1976/11/30 - 'Twas 26 nights before Christmas throughout downtown; people brought their kids and folding chairs and then sat aroun'. They sat and stood alongside both sides of Third Avenue from H to E streets to watch the, 14th annual Yuletide Parade. The 90-minute event, which was wrapped up about 8:30 p.m. when Santa Claus made his pre-Christmas Eve visit to Chula Vista children, was sponsored jointly by the Town Centre Business and Professional Association and the Sweetwater Union High School District. 'Twas a night when the youngsters spent more time hollering at the hucksters, who sold peanuts, flags, candied apples, horns, popcorn, candy floss and balloons, than they did shouting at Santa. The color guard of Chula Vista Post 2111, Veterans of Foreign Wars, led off the parade with grand marshal Earl Denton, high school district superintendent, close behind. 'Twas a night for "making out" by guys and gals as the clowns, majorettes, musicians and "angels" trouped by. Tiny five-year-old Julie Rogelstad, who placed seventh in her age bracket in the state majorette competitions recently, got the biggest hand as she strutted down the center line of the city's main street all by herself. 'Twas a night of recognition of Mayor Tom Hamilton, who recently was elected 1st District Supervisor. "Hey Supervisor," one fan yelled. "So that's the mayor," a little lady farther along the route murmured. The Chula Vista Women's League, one of more than a half dozen organizations with floats in the parade, reminded everyone to recycle Christmas trees Dec. 31 at 84 E. J St. 'Twas the night when 18 high school bands competed with each other for sound space during the march, with martial music and very few Christmas carols played. This was also described by parade chairman Jack Harper as "a fun parade" because no competition for best float was conducted this year as in the past. That's how 'twas in Chula Vista last night. ( The San Diego Union, Nov. 30, 1976 )

1979/11/25 - Yule parade is tomorrow. The 17th annual Chula Vista Starlight Yule Parade is happening tomorrow evening, with a new focus: Toys for Kids. A special Toys for Kids float, built and manned by children, will ride in the parade to collect toys from spectators, who are urged to have unwrapped toys ready at curbside. Half of the toys collected will go to the Toys for Kids program for distribution, and half will be distributed through the local Salvation Army. The Chamber of Commerce Ambassadors, the Dolphinettes and the Bobby Soxers will collect toys curbside. Parade chairman Leonard M. Moore said the purpose of the parade is twofold: to promote the area's school bands and to draw attention to the downtown shopping area. Moore said there are more than 90 entrants this year, including 16 school bands. ( The Star-News, Nov. 25, 1979 )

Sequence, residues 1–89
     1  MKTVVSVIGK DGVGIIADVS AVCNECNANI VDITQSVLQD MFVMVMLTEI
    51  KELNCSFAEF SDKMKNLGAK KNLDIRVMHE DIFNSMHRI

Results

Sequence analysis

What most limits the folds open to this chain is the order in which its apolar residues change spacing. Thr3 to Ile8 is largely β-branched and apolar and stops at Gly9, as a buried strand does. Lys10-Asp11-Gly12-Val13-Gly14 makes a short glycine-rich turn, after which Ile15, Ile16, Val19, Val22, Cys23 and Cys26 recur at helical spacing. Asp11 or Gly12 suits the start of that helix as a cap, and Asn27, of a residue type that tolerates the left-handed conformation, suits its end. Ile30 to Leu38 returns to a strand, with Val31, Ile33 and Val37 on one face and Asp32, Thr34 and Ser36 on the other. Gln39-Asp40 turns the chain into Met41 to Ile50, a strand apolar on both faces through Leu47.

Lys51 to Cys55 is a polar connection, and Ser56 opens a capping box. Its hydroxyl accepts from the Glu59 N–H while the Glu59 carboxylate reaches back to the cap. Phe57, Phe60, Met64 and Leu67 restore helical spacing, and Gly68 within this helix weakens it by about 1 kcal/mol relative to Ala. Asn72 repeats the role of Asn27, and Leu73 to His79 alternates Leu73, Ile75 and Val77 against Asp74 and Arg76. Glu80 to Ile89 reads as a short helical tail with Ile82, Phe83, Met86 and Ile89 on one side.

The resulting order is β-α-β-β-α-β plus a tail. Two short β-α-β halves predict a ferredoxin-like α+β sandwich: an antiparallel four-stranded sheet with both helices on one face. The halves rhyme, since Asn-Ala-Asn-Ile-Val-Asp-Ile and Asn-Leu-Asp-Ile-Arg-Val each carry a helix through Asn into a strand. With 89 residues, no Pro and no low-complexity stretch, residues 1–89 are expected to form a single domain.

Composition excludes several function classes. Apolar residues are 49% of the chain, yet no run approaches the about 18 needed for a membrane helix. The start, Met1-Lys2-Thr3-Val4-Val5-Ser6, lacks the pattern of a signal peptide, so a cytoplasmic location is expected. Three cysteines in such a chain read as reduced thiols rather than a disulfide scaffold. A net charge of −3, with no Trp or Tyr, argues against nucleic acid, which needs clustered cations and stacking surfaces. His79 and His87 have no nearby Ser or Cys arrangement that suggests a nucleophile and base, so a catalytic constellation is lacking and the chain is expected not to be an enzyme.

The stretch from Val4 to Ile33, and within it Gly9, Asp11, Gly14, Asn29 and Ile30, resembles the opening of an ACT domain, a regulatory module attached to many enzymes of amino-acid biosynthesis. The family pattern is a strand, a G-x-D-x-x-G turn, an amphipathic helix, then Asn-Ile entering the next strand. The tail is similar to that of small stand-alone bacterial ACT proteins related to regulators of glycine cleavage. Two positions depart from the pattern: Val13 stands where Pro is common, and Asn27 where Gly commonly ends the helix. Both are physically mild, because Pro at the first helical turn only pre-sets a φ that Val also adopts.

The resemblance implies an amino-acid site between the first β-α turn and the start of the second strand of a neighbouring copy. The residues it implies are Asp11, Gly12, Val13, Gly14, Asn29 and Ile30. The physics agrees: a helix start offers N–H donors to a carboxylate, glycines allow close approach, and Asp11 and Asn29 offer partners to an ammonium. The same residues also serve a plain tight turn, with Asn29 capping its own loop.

1979/11/29 - Dear Editor. . . Parade chairman thanks everyone for its success In behalf of the Chula Vista Town Centre Business and Professional Assoc. the Starlight Yule Parade Committee wishes to thank all who made this 17th annual parade a super success. The youths in the parade numbered approximately 2,000, young and young at heart curbside and rooftop spectators numbered about 40,000. The Toys for a Child element was extremely successful, and the toy gathered are estimated to number about 2,000. Where does one start "thank yous" an event like a parade? The residents of Chula Vista coming to the parade and for they their children's preparation an participation. The numerous police reserve involved in traffic control. Those who provided the beautiful vintage vehicles for officials. The hard-working Dolphinette for a float that took a week to construct and two hours to dismantle. The many business people of 3rd Ave. who lighted their windows and new trellises and passed the word. The Sweetwater High School district staff, band directors and 15 strikingly dressed bands that added such color and music. The many varied units that always lend interest, color and laughter to this. event. The many behind-the-scene people who make an event of this caliber a success. The very popular grand marshals, Mike Ambrose and Marty Levin, who made a great parade even greater. To all of the above, we thank you. (P.S.: You too Santa!) LEONARD (LEN) MOORE 1979 Parade Chairman Chula Vista ( The Star-News, Nov. 29, 1979 )

1981/12/01 - The 19th annual Starlight Yule Parade brought happy smiles to participants and observers alike. The parade was sponsored by the city of Chula Vista, the Chamber of Commerce's Downtown Association, and the Sweetwater Union High School District. Participants included the Hilltop High School marching band, above, and Santa Claus on the last float of the parade. Fay Fowle and Ann Ruiz bundled up against the cold and brought their children. ( The San Diego Union, Dec. 1, 1981 )

1983/11/25 - The 21st annual Starlight Yule Parade will be Monday evening at 7 pm. The parade route for the traditional South Bay event will be along Third Avenue, beginning at H Street and ending at E Street. Junior and senior high school bands, floats, clowns and a television personality, Kathi Diamant of Channel 8, are among the attractions. More than 3,000 people and 70 vehicles are expected to march in the parade. The Salvation Army will go along the parade route, collecting canned food for needy families. It asked that food instead of toys be donated this year. ( The San Diego Union, Nov. 25, 1983 )